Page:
Unique cape, woven of silk more than a million spiders will be presented for the first time at an exhibition in Europe. On the creation of capes spent four years and the labor of 80 people who took part in the manufacturing process. Every morning, a group of workers was to collect females Golden Spiders Web Spiders the size of a man’s hand, living in the highlands of Madagascar, to get the material they need.
Once the collection has been completed, each spider was placed in a special invention for extracting the spider silk with which the weavers had to remove the silk threads from 24 spiders at a time before releasing them into the wild. One strand of the web 96 made of twisted silk yarn, so, on average, to collect about 29 g of silk, spider requires about 23,000.
Finished fabric of the natural golden color, the length of which reaches four meters high, is one of a kind item that is made in such a labor intensive process. Simon Pearce (Simon Peers) and Nicholas Godley (Nicholas Godley), two ex-pat living in Madagascar, were the initiators and managers. Inspired by the descriptions and illustrations of the 19th century, they began to experiment with spider silk in 2004 in an attempt to revive the forgotten tradition.
Cape will now be on public display at the exhibition at the Museum of Art V & A (Victoria and Albert Museum), in Europe from January 25 to June 5. Commenting on the upcoming exhibition, Mr Pearce said: "We have decided that the most appropriate place to premiere fabric of spider silk in Europe will be an exhibition at the Museum V & A. As far as we know, at the Museum V & A apart from a variety of decorative art objects have never before been presented which -or tracks made of cobwebs. So we’re very pleased and proud to be able to fill up an exhibition of the museum with such a rich and long history, and we hope that we in turn can inspire his act to create unique materials kakih-nibud others . "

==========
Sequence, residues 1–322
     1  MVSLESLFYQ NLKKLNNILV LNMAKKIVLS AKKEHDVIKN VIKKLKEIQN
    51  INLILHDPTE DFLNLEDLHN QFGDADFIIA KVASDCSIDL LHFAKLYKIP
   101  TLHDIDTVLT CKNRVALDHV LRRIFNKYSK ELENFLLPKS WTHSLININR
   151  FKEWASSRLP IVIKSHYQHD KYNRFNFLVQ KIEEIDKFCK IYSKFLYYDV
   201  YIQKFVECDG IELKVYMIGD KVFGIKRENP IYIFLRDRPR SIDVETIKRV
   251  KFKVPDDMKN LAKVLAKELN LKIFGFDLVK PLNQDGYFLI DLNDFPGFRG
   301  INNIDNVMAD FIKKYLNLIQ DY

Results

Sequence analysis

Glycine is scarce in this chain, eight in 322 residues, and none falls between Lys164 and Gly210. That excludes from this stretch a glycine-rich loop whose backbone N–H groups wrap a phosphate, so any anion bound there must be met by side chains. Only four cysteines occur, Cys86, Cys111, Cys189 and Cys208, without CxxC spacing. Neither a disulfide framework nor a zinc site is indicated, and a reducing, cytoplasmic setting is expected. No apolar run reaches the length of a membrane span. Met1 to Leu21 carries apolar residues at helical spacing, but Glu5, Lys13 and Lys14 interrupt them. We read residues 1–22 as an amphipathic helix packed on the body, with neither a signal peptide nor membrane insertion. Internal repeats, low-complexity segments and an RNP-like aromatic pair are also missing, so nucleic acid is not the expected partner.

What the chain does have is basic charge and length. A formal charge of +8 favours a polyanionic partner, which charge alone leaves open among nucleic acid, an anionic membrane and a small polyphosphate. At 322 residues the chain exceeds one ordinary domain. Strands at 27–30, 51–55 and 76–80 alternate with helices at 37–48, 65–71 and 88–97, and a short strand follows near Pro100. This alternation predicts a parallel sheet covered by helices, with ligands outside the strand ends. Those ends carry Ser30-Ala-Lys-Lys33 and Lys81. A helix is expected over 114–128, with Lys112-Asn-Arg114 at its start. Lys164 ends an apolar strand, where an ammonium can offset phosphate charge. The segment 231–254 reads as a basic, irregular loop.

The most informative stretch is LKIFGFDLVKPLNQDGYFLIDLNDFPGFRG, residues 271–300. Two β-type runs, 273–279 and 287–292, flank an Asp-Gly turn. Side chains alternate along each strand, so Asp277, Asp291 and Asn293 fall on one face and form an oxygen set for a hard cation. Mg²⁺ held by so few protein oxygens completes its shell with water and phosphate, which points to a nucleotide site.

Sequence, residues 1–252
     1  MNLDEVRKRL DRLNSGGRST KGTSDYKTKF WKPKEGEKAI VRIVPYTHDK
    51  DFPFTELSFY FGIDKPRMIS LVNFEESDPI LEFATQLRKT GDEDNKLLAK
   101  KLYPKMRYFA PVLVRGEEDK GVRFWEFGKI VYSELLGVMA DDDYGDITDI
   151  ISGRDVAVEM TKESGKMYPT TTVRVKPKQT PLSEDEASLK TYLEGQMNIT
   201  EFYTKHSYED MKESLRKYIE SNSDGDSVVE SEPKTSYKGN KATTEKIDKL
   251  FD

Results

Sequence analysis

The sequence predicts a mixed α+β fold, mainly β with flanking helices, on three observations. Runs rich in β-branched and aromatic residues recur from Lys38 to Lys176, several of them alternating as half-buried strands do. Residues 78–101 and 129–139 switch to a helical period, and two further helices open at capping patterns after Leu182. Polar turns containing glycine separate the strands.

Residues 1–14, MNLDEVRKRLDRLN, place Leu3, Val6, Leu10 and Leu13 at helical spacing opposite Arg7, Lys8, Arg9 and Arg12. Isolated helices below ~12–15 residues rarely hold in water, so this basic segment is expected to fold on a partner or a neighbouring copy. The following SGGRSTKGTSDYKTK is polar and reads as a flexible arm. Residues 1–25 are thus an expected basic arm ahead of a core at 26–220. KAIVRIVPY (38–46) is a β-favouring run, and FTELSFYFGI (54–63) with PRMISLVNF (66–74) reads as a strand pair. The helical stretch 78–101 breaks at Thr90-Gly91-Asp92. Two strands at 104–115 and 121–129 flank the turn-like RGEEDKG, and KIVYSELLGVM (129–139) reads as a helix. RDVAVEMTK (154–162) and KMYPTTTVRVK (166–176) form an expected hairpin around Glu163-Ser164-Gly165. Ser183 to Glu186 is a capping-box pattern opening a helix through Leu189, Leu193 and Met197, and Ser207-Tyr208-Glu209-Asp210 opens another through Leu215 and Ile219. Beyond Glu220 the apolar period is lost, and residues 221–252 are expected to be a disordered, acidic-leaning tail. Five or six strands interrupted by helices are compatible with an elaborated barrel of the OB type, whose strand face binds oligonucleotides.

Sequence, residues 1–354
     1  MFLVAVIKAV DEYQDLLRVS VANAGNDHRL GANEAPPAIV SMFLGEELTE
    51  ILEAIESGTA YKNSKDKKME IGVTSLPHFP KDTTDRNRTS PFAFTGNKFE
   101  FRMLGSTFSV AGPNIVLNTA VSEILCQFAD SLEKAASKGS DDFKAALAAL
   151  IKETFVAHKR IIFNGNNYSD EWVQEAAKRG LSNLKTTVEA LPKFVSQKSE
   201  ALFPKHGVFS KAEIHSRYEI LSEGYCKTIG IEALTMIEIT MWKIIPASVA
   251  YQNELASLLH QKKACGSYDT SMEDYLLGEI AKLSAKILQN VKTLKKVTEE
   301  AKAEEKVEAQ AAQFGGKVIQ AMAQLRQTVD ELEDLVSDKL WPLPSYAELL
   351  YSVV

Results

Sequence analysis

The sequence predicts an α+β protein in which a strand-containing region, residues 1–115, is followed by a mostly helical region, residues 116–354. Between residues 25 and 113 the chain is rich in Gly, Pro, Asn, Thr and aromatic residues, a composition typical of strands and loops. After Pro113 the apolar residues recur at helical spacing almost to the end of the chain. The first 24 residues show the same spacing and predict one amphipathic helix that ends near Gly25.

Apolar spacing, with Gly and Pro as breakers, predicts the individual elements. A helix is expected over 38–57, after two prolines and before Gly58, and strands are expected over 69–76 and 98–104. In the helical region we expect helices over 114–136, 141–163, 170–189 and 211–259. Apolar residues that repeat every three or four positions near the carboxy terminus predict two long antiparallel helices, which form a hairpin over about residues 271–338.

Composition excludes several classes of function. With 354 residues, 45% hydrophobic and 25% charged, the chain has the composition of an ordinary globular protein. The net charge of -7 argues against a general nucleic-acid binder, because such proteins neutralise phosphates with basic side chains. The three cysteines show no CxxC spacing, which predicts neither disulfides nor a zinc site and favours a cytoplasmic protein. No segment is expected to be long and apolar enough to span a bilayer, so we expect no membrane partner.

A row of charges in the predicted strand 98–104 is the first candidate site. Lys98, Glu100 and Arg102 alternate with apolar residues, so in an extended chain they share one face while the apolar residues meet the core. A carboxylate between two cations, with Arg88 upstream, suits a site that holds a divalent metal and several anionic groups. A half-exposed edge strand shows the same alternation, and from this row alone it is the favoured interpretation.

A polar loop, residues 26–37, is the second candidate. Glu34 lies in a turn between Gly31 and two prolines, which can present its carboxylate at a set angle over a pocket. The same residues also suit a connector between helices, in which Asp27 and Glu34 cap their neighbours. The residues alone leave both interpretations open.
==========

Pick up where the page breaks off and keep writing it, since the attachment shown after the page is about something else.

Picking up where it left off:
The fabric of spider silk was first presented to the public at the Natural History Museum in New York in 2009, where the number of those willing to look for it’s creation has broken all world records in just one day of the exhibition.
In the world known only to a few experiments with spider silk, and no serious attempts to create a fabric of this material was not observed since 1900. The Frenchman, Francois-Xavier Bon de Saint Hilaire (Francois-Xavier Bon de Saint Hilaire), first demonstrated the possibility of producing tissue of spider silk in 1709. He boiled cocoons, extracting them from the crest of the thread, only to have to sew socks, gloves, and presumably other assorted garments for King Louis XIV.
Last fabric of the web was created in the late 19th century for the International Exhibition in Paris in 1900, but the samples were not kept. New fabric made from natural materials is presented in the form of a cape, decorated with intricate embroidery and patterns.